Today there are over 100+ Connectors created by Scribe or other developers. Scribe created Connectors are maintained and regularly updated. Third-party developers are responsible for the upkeep and support of the Connectors they publish. To see a list of our existing Connectors, see our Connector Marketplace.
Connectors can be distributed through the Scribe Marketplace, making them available for other users of the platform, or privately where the Organization that owns the Connector authorizes another Organization to use it.
If you install a Connector on a local Agent, the Connector does not need to be placed in the Scribe Marketplace, but it cannot be easily provided to other Agents. Placing a Connector in the Scribe Marketplace makes it available for easy installation on both a local Agent and the Scribe Cloud Agent.
Scribe employees have created Sample Scribe Labs Connectors as fun projects or prototypes, some of which exist in the Scribe Marketplace. These Sample Connectors are available in GitLab and anyone is welcome to take these Sample Scribe Labs Connectors, modify them, and repurpose and publish them. Scribe considers them open source examples.
- Software Development Kit (SDK) — Contains the following tools to create Connectors.
- Fast Connector Framework — A great jumping off place for a simple Connector that supports JSON/XML, with some are limitations.
- Connector Development Kit (CDK) — A full blown toolkit used to connect to any api using any method of authentication or transport. Examples and samples are provided in our GItLab repository, plus we have extensive documentation, tutorials, a developer forum, and other resources available to get you started quickly.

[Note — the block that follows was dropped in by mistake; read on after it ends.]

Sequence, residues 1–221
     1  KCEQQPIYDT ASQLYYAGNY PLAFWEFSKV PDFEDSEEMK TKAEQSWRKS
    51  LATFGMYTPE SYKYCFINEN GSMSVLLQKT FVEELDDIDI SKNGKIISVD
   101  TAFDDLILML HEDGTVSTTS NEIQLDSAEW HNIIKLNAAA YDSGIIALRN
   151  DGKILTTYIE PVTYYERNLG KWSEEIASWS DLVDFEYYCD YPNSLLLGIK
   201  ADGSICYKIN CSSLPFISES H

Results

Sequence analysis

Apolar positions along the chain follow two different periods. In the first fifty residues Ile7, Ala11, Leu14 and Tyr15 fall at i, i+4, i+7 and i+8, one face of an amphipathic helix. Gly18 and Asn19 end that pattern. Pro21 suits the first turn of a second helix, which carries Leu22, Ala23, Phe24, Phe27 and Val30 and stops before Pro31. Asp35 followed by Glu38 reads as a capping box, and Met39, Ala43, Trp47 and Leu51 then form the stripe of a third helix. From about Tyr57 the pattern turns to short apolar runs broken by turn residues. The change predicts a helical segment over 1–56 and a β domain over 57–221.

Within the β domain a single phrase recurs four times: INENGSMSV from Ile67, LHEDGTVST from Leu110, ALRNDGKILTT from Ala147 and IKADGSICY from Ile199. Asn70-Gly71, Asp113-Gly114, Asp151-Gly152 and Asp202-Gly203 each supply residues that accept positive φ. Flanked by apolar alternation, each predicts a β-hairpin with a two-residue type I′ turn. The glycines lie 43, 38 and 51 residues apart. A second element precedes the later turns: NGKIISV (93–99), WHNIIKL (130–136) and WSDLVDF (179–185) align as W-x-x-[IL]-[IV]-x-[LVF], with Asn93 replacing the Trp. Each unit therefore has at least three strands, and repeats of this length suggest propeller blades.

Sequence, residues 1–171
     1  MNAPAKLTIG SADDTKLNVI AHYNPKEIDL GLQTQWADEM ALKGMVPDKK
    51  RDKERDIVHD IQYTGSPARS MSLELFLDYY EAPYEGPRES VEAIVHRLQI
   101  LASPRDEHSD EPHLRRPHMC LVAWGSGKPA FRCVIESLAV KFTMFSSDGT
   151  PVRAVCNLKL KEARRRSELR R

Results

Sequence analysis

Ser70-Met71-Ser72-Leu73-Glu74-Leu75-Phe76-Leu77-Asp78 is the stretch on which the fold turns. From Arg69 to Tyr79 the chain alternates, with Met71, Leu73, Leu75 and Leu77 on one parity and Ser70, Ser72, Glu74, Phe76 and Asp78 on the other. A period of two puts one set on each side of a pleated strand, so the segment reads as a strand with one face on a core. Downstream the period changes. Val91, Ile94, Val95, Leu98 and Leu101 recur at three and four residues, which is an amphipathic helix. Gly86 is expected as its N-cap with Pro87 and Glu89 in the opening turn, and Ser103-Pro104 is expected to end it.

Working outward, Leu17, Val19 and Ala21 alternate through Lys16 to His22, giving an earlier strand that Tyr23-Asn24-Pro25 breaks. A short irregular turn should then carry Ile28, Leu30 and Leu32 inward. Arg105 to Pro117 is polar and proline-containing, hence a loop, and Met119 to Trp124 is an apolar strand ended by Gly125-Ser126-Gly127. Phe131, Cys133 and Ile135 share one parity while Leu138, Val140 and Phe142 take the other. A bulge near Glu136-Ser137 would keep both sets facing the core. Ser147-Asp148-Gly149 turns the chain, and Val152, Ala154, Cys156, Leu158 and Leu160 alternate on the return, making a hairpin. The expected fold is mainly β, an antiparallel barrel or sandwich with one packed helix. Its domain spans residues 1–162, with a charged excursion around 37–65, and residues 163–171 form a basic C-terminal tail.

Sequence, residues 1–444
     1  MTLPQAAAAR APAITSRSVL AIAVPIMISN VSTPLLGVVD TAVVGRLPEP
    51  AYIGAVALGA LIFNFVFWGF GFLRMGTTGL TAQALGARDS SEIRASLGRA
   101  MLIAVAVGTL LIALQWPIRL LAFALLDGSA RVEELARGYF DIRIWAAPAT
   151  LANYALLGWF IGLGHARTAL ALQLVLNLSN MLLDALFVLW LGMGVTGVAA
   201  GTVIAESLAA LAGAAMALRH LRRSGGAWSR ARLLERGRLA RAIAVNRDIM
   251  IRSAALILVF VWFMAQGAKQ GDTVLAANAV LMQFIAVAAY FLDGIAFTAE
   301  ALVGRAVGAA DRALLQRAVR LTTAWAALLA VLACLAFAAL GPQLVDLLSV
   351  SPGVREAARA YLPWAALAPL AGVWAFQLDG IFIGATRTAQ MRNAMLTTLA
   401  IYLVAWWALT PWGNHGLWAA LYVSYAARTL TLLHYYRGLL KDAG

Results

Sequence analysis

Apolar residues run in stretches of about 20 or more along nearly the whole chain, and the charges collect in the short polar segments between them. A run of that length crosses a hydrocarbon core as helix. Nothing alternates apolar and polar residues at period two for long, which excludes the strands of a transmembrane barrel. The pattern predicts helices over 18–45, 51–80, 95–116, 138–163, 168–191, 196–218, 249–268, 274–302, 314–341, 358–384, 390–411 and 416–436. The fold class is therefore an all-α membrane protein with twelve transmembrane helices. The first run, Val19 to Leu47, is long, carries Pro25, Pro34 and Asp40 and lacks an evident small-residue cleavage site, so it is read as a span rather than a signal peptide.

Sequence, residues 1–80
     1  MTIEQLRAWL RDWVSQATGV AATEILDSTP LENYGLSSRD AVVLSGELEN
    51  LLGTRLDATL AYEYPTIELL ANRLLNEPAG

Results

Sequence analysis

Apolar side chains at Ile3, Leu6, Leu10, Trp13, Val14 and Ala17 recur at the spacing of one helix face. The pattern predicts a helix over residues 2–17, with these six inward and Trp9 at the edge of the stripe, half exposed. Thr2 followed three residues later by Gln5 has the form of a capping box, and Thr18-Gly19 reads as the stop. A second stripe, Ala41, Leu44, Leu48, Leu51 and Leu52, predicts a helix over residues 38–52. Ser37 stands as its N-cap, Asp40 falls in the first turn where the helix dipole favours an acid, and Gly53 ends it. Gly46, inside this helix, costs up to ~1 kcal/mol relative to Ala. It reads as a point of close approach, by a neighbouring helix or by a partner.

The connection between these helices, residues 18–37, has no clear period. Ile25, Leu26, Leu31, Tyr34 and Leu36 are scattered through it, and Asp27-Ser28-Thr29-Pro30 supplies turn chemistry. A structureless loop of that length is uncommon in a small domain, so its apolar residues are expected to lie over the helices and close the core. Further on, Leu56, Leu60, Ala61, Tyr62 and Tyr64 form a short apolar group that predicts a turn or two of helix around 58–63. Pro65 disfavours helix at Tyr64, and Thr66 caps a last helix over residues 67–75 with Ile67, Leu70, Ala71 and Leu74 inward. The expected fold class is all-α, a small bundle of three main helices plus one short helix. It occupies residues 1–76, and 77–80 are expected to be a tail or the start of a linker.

- Core — Responsible for handling communications between the Web API and Agents and storing configuration and status. The Core makes it easy to manage separate Organizations that contain their own agents, installed Connectors, configured connections to data sources, and other administrative features. Organizations can be stand-alone, or grouped under a parent account in parent/child configuration a to provide group licensing options.
- Licensing — Scribe is licensed by Organization, the number of Connections configured, and the tier of connections for Scribe created Connectors. There is no cost to a developer.
- Sandbox Development Account — Full version of the entire platform available for a developer to use when creating a Connector or implementing functions of the Web API. Limitations do exist on the amount of data that can be transferred and should not be used as a production environment.
- Solutions — Solutions are the glue that brings Agents, Connectors, Connection information, run instructions, and data mapping together. These objects function in concert to move data from one datastore to another.
- Maps/Blocks — A Map is a visual representation of the instructions needed to integrate your data.
A business user without any coding experience can easily use the drag and drop interface to create customized integrations. Metadata gathered by the Connector is exposed through the user interface during the Map design process. Map and Block properties can also be configured using the Web API.